Constitutional Law and Nature

Course description

Questions surrounding the constitutional protection of animal interests (from animal welfare to animal rights) and ‘the environment, or ‘Nature’ are rapidly increasing across the globe. These questions result from, amongst others, key legal developments whereby countries are increasingly establishing constitutional rights for nature. These legal developments have not yet widely been incorporated into academic programmes in South Africa. The rationale for this course lies in the current shortage of comparable programmes/short courses offered, particularly in South Africa and Africa. This course focuses largely on the current regulation of animals and the environment in South African law and highlights the scope and application of animal rights and rights of Nature in foreign domestic legal contexts as possible examples from which the South African context can draw lessons. This course has dedicated seminars on the topics of both legal rights for animal and the Rights of Nature, and includes seminars on animal law and environmental law. The course raises critical questions regarding the adequacy of the current scope, structure and functioning of existing governance approaches in the fields of constitutional law, environmental law and animal law in addressing the current planetary crisis associated with the Anthropocence and in facilitating a more balanced, just and equitable coexistence between humans, nature and non-human animals.

The short course aims to fill an educational, market-based gap in a specialised manner not replicated in similar programmes offered by other institutions. To our knowledge, this course is the first offering of its kind in South Africa and potentially Africa. The only other institution that offers a similar short course is the University of Johannesburg with their Foundations of Animal Law.
The course is co-developed and co-lectured by Dr Angela van der Berg (GELC Director), and Attorney Amy Wilson (Adjunct Senior Lecturer, GELC).
Constitutional Law and Nature

Course details


Participants will be introduced to the various fields of law including constitutional law, environmental law and animal law, among others, both globally, and in the context of South Africa, as it relates to the scope and conceptualisation of environmental rights for humans and non-human animals. They will be introduced to key concepts to be discussed as part of the course. The seminar will deal with key concepts including the following:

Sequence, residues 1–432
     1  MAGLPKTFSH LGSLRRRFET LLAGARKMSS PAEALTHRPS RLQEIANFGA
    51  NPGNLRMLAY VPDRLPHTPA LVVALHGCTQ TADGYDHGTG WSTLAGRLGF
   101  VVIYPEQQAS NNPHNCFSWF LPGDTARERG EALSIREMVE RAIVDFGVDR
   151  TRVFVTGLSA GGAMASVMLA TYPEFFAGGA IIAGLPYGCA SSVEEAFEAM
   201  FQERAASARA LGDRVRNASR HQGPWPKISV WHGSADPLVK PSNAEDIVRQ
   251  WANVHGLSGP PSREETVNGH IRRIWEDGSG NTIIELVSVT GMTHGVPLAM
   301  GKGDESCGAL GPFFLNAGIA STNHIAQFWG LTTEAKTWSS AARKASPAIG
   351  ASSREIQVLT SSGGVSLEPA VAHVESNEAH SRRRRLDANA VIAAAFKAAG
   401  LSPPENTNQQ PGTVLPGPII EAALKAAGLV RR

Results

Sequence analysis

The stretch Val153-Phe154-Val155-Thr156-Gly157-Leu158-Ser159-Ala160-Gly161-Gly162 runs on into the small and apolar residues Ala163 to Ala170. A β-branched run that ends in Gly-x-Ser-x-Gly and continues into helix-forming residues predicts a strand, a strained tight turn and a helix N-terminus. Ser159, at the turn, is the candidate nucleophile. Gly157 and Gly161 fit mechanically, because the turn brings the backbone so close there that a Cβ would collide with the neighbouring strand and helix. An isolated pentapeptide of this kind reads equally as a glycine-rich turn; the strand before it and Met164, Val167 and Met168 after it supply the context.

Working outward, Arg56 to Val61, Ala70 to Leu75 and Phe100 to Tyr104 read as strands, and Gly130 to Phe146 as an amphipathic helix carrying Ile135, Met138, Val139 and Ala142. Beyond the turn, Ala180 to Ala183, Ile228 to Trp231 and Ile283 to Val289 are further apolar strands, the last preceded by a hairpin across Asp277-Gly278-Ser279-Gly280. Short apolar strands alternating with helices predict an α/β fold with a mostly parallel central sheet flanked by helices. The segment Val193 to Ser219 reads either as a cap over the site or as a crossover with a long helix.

• What is the environment? What is Nature?
• What are rights? What are environmental, human and animal rights?
• What is environmental law?
• What is the role of a Constitution - in general and South Africa more specifically?


The content this week provides an overview of the Constitution as it relates to the environment and focuses on the nature and scope of the protections afforded by South Africa’s constitutional environmental right. We also consider the scope of the obligations for this right as articulated in South Africa’s framework environmental legislation and specific environmental management Acts (SEMAs). Discussions include:
• What is the scope of the rights protected in section 24(a) of the Constitution? Is section 24(a) ‘fundamental human right’?
• How have the terms ‘health’ and ‘well-being’ been interpreted (also by the courts) and to the benefit of whom?
• What is the scope of the directive underpinned in section 24(b) of the Constitution?


The content this week provides an overview of the Constitution as it relates to nonhuman animals. In particular, how nonhuman animals are governed by, included and/or excluded in Constitutions. We also focus on how nonhuman animals are regulated and protected in South African animal law. We briefly explore the South African regulatory framework with a focus on wildlife and highlight some of the shortcomings and challenges of current governance and opportunities for legal reform. Discussions include:
• What is the case for the constitutional protection for animals?
• What are the difficulties for providing constitutional protection to animals?
• How does the South African Constitution apply to animals?


The content this week introduces participants to the concepts of ‘environmental constitutionalism’, ‘transformative (environmental) constitutionalism’ and ‘ecological constitutionalism’ as analytical lenses through which to question and potentially re-purpose the scope of constitutional environmental right protections. Seminar discussions will centre around Ecuador’s recognition and protection of rights of nature in its Constitution and other relevant laws as a case study for critically considering the legal and constitutional protection of rights of Nature in the South African context. Discussions include:
• What is environmental constitutionalism?
• What is the motivation behind the movement towards ‘environmental constitutionalism?